Arianny Celeste in November issue of Playboy

August 25, 2010

Dana White confirmed speculation that UFC ring girl Arianny Celeste will be appearing in Playboy. In an interview with MMA Fighting on Wednesday, White was asked about about a picture Celeste put on her twitter page which appeared to be a picture of the Playboy offices. White acknowledged that Celeste would appear in the November issue of Playboy.

Payout Perspective

Celeste becomes the second UFC ring girl (Rachel Leah was the first) to appear in Playboy. During the interview, Ariel Helwani astutely points out the WWE’s successful working relationship with Playboy in which several WWE Divas posed nude for Playboy. The WWE-Playboy relationship garnered record magazine sales for Playboy.

The UFC hopes record sales for Celeste’s issue. Not only will Celeste expose the audience to the world of MMA, it will elevate her status as well. It could mean more opportunities for Celeste in the future. Playboy hopes that the Celeste cover will equate to record sales similar to the WWE Divas.

Dana White talks Shane Carwin

August 25, 2010

MMA Fighting had the opportunity to speak with Dana White after Wednesday’s pre-fight press conference for UFC 118. White was asked about the Shane Carwin story.

White on Shane Carwin:

I don’t know enough about it to go into it in depth…But, I know he came up on like a BALCO-type list.  On a list of guys who did it. But, this guy’s [Carwin] fought in the UFC a long time, under regulation and has never tested positive for anything…not a good time for Shane and his family for sure. We’ll see how this whole thing plays out.

Payout Perspective:

Without going into specifics, White supported Carwin and emphasized the fact that the heavyweight contender has never tested positive in the UFC.  Its interesting that this is the first time we’ve heard as far as an explanation for Carwn’s name being linked to steroid use. It is nice to know that Carwin’s employer supports him and White does a good job of reiterating the facts rather than stir the speculation. But, there will come a time where Carwin must face the media and explain himself.

CMA Proposes Ban on MMA Prizefighting

August 25, 2010

The Canadian Press is reporting that the Canadian Medical Association is calling for a ban on mixed martial arts prizefighting in Canada.

Delegates at the CMA’s annual meeting voted Wednesday to have the doctors group seek a government ban on the sport.


The vote came after often contentious debate among 250 doctors at the meeting in Niagara Falls, Ont.


Those in favour of trying to deliver a knock-out punch to MMA say the sport puts fighters at risk of severe head trauma and other injuries that could have lifelong effects.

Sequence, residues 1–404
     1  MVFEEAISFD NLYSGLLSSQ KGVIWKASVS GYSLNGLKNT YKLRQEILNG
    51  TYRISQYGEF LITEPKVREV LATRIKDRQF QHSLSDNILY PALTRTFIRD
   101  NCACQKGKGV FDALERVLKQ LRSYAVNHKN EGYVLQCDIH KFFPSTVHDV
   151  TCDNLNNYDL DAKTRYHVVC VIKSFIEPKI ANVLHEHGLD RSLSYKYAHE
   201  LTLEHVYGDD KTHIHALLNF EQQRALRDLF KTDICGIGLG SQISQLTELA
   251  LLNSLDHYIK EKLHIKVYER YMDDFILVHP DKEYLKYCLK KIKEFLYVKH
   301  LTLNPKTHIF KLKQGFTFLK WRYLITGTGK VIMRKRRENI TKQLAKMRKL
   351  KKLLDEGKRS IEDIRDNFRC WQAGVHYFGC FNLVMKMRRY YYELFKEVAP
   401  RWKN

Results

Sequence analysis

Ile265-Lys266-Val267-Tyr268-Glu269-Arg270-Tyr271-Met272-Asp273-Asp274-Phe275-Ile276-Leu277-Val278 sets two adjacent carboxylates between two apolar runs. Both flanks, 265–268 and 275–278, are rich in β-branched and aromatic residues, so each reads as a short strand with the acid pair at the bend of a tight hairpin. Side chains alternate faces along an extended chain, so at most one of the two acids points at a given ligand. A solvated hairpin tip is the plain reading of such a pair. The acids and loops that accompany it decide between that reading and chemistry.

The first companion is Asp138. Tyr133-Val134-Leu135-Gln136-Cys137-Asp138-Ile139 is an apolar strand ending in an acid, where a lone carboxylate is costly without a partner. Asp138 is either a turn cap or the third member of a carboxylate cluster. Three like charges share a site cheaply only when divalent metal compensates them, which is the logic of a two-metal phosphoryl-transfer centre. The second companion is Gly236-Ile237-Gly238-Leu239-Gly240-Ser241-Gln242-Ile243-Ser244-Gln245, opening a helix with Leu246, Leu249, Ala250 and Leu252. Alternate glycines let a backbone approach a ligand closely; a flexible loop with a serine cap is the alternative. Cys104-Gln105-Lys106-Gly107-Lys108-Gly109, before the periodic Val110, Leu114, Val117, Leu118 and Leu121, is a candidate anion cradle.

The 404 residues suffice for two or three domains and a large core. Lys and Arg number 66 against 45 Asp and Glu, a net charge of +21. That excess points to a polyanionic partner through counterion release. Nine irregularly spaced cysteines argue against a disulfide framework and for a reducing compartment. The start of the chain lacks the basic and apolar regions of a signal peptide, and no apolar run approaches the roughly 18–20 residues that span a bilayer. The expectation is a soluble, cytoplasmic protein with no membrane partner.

They argue that unlike sports like hockey and skiing, the intent of mixed martial arts is to incapacitate one’s opponent.

Payout Perspective:

The Canadian Medical Association (CMA) is the national body which represents doctors across all of Canada’s provinces and territories, including the British Columbia Medical Association. The CMA has also been calling for a ban on boxing since 2001.

This news isn’t something to worry about immediately. The CMA, alone, does not have the clout to tear down MMA, but it’s certainly something that opponents of the sport will point to when evaluating the sport in the future (whilst, I can only assume, leaving out relevant empirical studies like those done at Johns Hopkins).

Perhaps, the most disappointing part of this news is that the CMA’s justification for banning the sport of MMA is likely to mirror that of the BCMA – a group of supremely educated individuals and many of whom that have admitted to not having seen a live event or thoroughly examined the health of MMA fighters in any meaningful, scientific manner.

Who is the Biggest UFC PPV Draw? – Part 3

August 25, 2010

This is the third part of our series on which fighters are the biggest UFC PPV draws.  In parts one and two, we compared the average buys for cards featuring specific fighters against the average buyrate for all UFC pay-per-view cards.  In today’s installment, we’ll begin using slightly more complex numbers to get handle on a fighter’s draw.

Overview: One of the common debates among MMA fans concerns which fighter is the biggest draw.  From the business side, a fighter’s draw shapes PPV expectations (and, subsequently, PPV revenues) and should play a major role in sponsorships for both the given fighter and every other fighter on the PPV.  In this series of articles, we’ll examine several intuitive ways that one can estimate a fighter’s draw and examine the wide variation in these estimates.  We’ll be focusing on the ten fighters that Derek Jenkins identified as the biggest draws in a recent article at Yahoo! Sports.